About the Retail Facilities Maintenance Industry
Retail facilities maintenance is a multi-million dollar, niche industry within the much larger facilities maintenance industry which covers the maintenance and upkeep of commercial buildings, entertainment venues, universities, hospitals, shopping centers and other publicly accessible and private environments.
Retail facilities maintenance (RFM) differs from other segments of the industry because its focus is on maintaining and managing retail stores, distribution centers, outlets, lifestyle centers, strip malls and stand-alone locations supporting retail commerce. RFM covers a wide gamut of functions from general maintenance/repair to disaster preparedness to preventative maintenance inside and out of the structures’ walls as well as the trades (heating, electrical, lighting, plumbing, etc.).
The management of retail facilities differs from other segments of the maintenance industry as it typically consists of hundreds of stores located in multiple sites with a similar footprint to follow brand consistency standards rather than a single location consisting of a single footprint. A store’s footprint may range from 500 sq. ft. to 50,000 square feet compared to other commercial buildings which can be over 100,000 square feet.
In recent years, the retail industry has come to realize its responsibility to the environment and taken the lead in designing and developing sustainable retail environments. The industry acknowledges that proper disposal of its wet and dry waste and an efficient energy initiative can have a dramatic impact upon the environment, the retailer’s public reputation and a positive financial impact on the company’s bottom line when done well.
The retail facilities industry is always challenged to initiate improvements that will control costs. While the department is a cost center, it is equally an expense reduction center responsible for identifying innovative ways to reduce expenses and gain operational efficiencies. Consequently, the FM Department is an integral part of any retail organization working closing with its stakeholders to provide excellent customer service.
Generally, retailers’ use three business models to manage their facilities functions: In-Sourcing; Co-Sourcing and Outsourcing. The In-Sourcing model, which is the least common today, consists of a retailer having A o Z responsibility for maintenance from high level fiscal management to general maintenance repair staff handling the service calls at stores. The Co-Sourcing mode, which is most prevalent today, consists of the decision making and fiscal management responsibilities residing with the retailer’s in-house department and the daily maintenance and repair being outsourcing to third party vendors with specific trade expertise. The Outsourcing model, which is being adopted by some retailers today, calls for the fiscal management and FM related decisions along with the general maintenance work to be handed off to a third party provider. Each model has its pros and cons and used based on the individual strategies of the retailer.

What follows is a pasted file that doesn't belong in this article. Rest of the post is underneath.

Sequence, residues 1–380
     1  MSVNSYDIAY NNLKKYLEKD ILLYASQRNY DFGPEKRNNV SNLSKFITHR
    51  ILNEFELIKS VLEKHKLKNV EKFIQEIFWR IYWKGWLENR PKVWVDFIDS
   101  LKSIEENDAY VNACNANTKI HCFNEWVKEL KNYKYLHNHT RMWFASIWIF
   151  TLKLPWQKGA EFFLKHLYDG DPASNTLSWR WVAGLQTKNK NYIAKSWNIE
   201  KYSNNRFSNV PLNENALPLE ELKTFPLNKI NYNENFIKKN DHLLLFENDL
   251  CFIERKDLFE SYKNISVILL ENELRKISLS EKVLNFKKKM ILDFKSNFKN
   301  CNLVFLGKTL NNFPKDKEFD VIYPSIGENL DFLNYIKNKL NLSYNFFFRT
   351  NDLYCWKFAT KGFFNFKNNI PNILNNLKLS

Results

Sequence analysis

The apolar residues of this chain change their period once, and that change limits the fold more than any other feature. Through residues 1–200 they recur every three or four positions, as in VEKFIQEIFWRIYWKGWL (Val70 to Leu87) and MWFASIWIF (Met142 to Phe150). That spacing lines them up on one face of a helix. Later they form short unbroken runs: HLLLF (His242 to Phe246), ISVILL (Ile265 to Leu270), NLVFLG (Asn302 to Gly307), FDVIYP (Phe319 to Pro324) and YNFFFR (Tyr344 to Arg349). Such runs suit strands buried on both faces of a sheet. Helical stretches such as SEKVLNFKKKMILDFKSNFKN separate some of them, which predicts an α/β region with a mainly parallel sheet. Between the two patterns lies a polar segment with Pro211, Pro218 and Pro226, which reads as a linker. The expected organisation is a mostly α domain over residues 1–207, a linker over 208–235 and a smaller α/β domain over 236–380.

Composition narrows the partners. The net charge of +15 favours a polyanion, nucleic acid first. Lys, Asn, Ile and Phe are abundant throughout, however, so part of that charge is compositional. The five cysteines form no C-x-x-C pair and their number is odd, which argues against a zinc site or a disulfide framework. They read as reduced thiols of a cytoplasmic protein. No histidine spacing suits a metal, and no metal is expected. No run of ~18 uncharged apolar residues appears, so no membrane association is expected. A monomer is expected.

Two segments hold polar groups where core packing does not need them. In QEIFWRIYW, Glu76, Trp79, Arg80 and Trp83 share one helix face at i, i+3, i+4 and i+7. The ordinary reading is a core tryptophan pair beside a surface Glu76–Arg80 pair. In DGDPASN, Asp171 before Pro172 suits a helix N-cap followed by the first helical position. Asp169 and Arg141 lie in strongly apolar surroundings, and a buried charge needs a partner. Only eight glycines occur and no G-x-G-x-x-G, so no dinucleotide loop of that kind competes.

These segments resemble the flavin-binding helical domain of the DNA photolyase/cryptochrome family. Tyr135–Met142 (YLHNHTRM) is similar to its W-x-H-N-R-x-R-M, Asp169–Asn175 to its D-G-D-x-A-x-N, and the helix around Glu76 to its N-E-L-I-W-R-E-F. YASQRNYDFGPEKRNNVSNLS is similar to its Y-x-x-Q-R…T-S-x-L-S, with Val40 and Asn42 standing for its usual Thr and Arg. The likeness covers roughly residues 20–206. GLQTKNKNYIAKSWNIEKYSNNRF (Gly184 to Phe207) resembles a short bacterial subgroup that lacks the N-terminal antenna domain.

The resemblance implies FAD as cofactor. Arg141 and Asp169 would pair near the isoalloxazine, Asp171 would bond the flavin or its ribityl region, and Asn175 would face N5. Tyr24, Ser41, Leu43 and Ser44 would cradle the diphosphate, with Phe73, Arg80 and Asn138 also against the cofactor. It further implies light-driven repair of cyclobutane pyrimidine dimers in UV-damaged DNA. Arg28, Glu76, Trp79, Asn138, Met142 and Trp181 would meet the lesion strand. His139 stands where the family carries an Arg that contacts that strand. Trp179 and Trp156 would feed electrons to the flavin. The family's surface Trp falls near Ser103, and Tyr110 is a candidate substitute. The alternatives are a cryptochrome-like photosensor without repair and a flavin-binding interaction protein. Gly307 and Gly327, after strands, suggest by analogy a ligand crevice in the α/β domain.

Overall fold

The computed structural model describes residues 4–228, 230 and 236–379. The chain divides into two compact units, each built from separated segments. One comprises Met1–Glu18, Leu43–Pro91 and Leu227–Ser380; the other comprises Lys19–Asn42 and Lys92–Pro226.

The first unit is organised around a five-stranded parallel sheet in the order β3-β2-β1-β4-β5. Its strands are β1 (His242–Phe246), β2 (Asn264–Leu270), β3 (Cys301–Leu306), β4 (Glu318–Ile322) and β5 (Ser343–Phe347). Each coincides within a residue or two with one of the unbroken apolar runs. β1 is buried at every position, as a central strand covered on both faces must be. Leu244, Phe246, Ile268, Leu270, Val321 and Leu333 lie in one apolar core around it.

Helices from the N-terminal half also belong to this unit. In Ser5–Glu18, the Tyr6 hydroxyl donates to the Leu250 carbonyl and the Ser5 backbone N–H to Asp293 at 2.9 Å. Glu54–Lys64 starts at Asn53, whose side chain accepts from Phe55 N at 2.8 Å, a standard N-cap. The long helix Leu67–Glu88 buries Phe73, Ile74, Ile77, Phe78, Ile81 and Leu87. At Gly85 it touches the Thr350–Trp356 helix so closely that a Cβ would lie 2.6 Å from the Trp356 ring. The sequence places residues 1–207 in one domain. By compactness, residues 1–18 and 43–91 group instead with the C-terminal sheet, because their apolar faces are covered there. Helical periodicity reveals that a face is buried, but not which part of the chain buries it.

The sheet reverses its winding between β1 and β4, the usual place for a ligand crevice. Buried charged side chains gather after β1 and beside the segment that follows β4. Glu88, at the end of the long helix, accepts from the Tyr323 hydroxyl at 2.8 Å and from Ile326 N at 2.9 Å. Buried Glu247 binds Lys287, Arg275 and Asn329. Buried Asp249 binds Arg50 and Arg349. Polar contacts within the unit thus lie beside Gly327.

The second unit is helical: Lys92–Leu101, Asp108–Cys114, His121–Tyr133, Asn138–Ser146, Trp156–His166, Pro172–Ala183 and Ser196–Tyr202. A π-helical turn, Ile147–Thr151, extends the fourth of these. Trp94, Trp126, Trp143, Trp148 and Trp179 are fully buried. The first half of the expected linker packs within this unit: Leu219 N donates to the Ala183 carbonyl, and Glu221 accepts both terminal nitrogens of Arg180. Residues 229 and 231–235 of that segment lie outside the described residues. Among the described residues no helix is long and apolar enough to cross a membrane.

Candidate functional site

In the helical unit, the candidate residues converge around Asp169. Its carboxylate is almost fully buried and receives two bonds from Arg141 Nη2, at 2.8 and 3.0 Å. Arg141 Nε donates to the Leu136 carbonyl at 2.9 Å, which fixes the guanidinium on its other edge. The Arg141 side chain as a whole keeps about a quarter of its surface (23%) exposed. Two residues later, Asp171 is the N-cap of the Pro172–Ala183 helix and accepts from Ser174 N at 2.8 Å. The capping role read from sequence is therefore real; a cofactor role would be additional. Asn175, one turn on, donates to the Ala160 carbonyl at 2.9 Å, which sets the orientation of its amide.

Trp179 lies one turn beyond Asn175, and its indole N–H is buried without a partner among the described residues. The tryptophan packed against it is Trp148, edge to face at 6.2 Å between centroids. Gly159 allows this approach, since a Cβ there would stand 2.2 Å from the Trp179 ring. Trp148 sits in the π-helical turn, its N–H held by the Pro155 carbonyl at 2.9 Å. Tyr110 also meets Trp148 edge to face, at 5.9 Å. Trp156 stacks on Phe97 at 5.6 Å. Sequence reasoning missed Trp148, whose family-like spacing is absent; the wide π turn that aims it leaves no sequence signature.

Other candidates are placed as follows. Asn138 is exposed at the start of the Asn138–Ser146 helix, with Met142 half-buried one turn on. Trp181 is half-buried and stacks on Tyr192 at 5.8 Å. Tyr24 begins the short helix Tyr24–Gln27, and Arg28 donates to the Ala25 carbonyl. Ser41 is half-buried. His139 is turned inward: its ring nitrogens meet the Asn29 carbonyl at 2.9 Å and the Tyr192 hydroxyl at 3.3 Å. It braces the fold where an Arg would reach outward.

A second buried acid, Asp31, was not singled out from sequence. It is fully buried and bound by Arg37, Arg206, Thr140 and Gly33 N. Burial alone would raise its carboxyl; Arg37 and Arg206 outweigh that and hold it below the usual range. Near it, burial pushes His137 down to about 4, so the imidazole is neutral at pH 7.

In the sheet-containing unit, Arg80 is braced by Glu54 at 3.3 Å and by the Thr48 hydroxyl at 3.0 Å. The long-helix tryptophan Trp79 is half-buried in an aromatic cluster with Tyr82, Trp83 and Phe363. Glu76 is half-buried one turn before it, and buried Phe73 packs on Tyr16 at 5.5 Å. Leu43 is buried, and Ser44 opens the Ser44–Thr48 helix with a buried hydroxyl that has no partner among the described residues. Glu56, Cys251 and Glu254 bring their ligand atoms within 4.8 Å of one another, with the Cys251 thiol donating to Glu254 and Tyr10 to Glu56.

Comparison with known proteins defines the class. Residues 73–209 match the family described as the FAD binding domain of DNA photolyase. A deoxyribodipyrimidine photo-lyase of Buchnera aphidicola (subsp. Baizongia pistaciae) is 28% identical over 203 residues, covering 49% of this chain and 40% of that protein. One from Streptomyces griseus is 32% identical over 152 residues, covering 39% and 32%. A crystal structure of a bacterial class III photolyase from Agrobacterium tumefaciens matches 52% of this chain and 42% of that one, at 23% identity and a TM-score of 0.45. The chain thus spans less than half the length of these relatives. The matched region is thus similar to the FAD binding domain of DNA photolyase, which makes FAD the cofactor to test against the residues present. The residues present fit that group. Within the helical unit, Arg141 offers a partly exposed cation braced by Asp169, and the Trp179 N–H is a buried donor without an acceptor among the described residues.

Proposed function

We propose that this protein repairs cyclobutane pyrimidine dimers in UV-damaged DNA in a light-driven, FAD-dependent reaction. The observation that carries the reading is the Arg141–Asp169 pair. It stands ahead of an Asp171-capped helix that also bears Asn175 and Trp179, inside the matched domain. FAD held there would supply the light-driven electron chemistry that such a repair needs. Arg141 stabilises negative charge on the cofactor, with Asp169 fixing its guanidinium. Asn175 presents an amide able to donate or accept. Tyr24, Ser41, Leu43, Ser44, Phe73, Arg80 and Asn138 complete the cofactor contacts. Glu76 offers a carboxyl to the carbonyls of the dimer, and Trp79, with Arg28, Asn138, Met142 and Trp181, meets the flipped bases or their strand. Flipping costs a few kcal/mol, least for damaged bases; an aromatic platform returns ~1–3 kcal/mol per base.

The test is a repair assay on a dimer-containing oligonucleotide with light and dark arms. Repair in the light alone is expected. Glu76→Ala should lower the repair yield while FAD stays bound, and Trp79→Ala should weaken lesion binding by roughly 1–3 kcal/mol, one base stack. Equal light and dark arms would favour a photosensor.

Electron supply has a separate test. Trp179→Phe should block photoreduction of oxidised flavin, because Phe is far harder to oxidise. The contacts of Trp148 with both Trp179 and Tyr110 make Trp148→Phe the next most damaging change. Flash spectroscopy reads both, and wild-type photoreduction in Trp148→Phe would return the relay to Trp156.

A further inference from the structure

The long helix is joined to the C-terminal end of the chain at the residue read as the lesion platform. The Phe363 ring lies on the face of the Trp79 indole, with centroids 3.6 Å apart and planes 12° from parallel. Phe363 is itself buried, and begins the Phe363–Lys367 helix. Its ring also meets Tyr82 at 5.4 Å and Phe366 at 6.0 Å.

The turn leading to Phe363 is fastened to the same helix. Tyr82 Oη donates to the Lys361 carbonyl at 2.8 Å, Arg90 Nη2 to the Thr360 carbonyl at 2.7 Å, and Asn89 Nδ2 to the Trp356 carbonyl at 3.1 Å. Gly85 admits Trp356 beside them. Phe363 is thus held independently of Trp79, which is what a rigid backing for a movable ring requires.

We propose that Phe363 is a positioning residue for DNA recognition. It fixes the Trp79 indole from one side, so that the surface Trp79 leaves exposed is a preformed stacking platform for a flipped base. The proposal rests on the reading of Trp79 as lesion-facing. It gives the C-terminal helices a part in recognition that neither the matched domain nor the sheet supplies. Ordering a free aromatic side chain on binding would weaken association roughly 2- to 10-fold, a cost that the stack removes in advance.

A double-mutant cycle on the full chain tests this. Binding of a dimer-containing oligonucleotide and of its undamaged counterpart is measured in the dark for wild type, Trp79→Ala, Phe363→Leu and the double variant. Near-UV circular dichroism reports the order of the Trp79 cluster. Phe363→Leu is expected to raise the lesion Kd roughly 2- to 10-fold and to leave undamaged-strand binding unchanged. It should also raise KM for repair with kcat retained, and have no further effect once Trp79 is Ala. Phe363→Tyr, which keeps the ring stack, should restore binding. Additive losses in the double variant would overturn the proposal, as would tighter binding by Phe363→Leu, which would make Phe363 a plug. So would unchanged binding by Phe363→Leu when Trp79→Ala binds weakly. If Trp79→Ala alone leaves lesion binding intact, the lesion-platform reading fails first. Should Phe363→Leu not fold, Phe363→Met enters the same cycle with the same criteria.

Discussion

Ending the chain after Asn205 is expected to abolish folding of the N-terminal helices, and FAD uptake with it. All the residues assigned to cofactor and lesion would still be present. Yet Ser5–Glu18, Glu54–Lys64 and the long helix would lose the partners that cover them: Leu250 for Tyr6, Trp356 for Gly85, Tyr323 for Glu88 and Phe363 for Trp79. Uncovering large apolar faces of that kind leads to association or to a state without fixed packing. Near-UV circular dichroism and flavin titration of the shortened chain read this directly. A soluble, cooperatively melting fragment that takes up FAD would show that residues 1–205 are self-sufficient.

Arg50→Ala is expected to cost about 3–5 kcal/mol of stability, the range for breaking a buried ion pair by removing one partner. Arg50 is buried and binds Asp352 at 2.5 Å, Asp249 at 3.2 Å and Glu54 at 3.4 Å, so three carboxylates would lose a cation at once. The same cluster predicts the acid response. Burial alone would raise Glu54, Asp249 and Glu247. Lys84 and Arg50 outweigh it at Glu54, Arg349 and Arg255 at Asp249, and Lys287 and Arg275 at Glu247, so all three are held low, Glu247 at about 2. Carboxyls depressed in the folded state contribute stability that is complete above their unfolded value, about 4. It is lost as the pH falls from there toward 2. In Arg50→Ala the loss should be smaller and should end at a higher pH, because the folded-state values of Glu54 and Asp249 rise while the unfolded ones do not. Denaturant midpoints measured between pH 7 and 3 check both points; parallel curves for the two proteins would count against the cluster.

About Retail Facilities Maintenance Professionals
The work lives of retail facilities maintenance professionals are challenging, rewarding and diverse. They are quick thinking, problem solvers for retail stores whose onsite employees are primarily responsible for servicing customers and making sales.
No two days are alike for RFM Professionals as their focus can change in an instance depending on the needs or unexpected events of a particular store. HVAC failures, a power outage, or a health or city inspector can change the day’s “to do” in an instance. RFM Professionals must be quick to react to ensure that store sales aren’t interrupted and business continues as usual.
RFMs have an awesome responsibility within their companies to ensure their brands are safe and pristine environments inviting to the public. Research studies have shown that poorly maintained stores at unsatisfactory temperatures can cause shoppers to retreat and take their business elsewhere. This can cost the retailer thousands of dollars in sales and tarnish the brand’s image.
Retail executives rely upon their facilities team to protect their brand’s image and efficiently manage the facilities expense. RFM’s build their credibility with C-Suite executives by aligning their departments strategies with the company’s broader strategy. Recognizing and advancing business processes and objectives that build the business and the company’s financial position go a long way to gaining recognition and trust of the C-Suite.
They control millions of dollars in capital assets and maintenance budgets. They also oversee centralized call centers handling store needs and manage a wide berth of vendors providing services such as landscaping, general maintenance, and cleaning to name a few.
Facilities department staffing differs among retailers and is dependent on the retailer’s individual needs. But generally, budgets are controlled at the corporate level by a competent facilities management professional, at a Director or Vice President level, working with a FM team who also handles special projects (retrofits, re-openings, dark stores, etc.) in addition to the routine daily maintenance requirements.
While many Retail Facilities Professionals do not enter the industry with a formal education in facilities maintenance, they have come into their present positions from other departments in retail, or with strong skills from commercial building maintenance, industry suppliers or the military. Their on-the-job training has been enhanced with professional education and certification designations by industry associations, such as PRSM. Today, there are several university program offering undergraduate and graduate programs in facilities management bringing a new breed of career minded professionals into the industry.